My argument all along has been that the purpose of the First Amendment is to protect the free exercise of the Christian religion.
Fischer’s interpretation of the no-establishment clause of the First Amendment is that there is no establishment clause in the First Amendment. He believes that “the Christian religion” — that is, real, true Christianity according to his definition of it — is established, privileged and protected in a way that other religions are not. Rights for me but not for thee.
This is a patently indefensible reading of what the First Amendment says about religious freedom: “Congress shall make no law respecting an establishment of religion, or prohibiting the free exercise thereof.” It’s legal and logical nonsense.
But significantly it’s also bigoted and chauvinist nonsense, and an attempt to give Fischer’s religious chauvinism the force of law.
Fischer is scheduled to speak at next week’s Values Voters Summit — a religious right carnival also featuring many of the current Republican candidates for president. Former Massachusetts Gov. Mitt Romney is scheduled to speak immediately before Fischer. Fischer does not count Mormons like Romney as members of the constitutionally privileged Christian religion. Says Fischer:
Mormonism is not an orthodox Christian faith. It just is not. … And it was very clear that the Founding Fathers did not intend to preserve automatically religious liberty for non-Christian faiths.
That’s a helpful illustration of what follows when, like Fischer, you decide that one particular sect ought to be privileged with freedoms not enjoyed by other sects. The next, inevitable step is to start whittling down who is and isn’t included as a fully orthodox member of the privileged sect, and then separating out the genuine from the insincere. As I wrote in an earlier post:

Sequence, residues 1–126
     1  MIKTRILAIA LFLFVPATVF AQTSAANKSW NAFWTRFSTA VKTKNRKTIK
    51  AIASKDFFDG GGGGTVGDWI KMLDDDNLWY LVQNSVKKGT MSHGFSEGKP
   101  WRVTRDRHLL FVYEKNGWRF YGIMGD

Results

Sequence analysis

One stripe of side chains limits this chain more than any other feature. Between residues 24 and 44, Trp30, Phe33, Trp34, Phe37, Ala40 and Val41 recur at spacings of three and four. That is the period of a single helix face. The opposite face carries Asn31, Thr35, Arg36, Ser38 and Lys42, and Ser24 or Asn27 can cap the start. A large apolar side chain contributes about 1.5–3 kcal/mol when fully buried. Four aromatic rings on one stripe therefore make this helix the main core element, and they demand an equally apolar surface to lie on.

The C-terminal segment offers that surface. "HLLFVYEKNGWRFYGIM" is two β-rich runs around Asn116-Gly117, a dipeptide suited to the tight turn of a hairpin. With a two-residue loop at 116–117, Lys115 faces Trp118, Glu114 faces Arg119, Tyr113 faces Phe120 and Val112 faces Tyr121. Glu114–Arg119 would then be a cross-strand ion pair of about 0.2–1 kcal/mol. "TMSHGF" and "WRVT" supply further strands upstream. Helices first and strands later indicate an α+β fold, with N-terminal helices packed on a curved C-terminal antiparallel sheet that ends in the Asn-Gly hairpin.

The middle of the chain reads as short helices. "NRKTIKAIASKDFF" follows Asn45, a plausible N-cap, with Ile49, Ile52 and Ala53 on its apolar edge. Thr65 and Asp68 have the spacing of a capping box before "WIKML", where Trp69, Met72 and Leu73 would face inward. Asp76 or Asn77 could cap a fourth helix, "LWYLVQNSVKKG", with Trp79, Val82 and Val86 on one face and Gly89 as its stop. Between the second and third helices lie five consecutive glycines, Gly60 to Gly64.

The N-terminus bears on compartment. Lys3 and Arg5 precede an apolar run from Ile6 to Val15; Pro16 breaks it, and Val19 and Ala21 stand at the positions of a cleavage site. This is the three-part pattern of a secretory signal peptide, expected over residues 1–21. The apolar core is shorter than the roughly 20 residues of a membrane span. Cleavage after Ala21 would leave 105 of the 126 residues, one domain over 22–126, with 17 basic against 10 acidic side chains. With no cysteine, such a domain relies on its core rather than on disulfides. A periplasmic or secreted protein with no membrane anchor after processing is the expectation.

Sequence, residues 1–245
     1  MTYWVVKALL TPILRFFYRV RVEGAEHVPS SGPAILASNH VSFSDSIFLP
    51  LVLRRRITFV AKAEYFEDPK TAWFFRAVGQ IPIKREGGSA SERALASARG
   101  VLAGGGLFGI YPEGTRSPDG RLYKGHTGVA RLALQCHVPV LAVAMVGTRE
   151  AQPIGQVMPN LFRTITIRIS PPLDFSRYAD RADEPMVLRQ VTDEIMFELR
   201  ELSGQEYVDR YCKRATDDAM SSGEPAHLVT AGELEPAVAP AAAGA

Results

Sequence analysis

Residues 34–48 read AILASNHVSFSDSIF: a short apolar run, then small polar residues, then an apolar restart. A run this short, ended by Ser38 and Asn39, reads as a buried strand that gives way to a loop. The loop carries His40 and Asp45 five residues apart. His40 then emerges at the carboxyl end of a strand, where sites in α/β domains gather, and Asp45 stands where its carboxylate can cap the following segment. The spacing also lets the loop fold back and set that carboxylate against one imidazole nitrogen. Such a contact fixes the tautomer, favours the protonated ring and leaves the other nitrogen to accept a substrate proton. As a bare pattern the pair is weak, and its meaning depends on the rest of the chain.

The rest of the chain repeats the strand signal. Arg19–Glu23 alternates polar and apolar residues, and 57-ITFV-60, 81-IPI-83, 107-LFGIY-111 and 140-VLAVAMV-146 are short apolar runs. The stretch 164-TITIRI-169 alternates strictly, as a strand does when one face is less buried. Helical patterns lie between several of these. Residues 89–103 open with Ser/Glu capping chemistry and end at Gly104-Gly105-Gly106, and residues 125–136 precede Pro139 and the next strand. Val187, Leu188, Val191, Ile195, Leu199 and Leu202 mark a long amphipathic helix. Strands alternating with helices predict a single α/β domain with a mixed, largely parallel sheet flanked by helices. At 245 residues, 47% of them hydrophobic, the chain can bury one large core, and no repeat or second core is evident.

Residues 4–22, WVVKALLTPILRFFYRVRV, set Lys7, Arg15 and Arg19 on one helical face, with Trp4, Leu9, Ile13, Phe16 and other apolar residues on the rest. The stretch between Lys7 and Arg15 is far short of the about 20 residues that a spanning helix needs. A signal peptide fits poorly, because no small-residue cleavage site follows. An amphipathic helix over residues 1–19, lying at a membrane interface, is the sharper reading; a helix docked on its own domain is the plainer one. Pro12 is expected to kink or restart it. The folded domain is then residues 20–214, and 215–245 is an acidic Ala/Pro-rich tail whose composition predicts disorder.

To privilege any one set of believers … requires … mechanisms to challenge and sort out the genuine believers from the mere pretenders claiming allegiance only in order to gain access to those privileges that accompany membership in the established sect. Such sorting mechanisms are never perfect — allowing many hypocritical posers to slip past while unjustly condemning many sincere and genuine believers. And such sorting mechanisms are never pretty. This is where inquisitions come from.
For more on Fischer, see People for the American Way’s report: “The GOP’s Favorite Hate-Monger: How the Republican Party Came to Embrace Bryan Fischer.” Or, if you’ve a strong stomach, check out their video compilation of some of his greatest hits: “Four Minutes of Hate: The Naked Bigotry of the AFA’s Bryan Fischer.”
(The title of that report may strike some as an unfair accusation of guilt by association, but it’s not. It’s a perfectly fair accusation of guilt by association. Fischer is guilty of saying horrifically hateful things and the Republican Party continues to choose to associate with him. Avoiding the accusation of guilt by association with a racist, chauvinist bigot like Bryan Fischer is simple: Don’t associate with him.)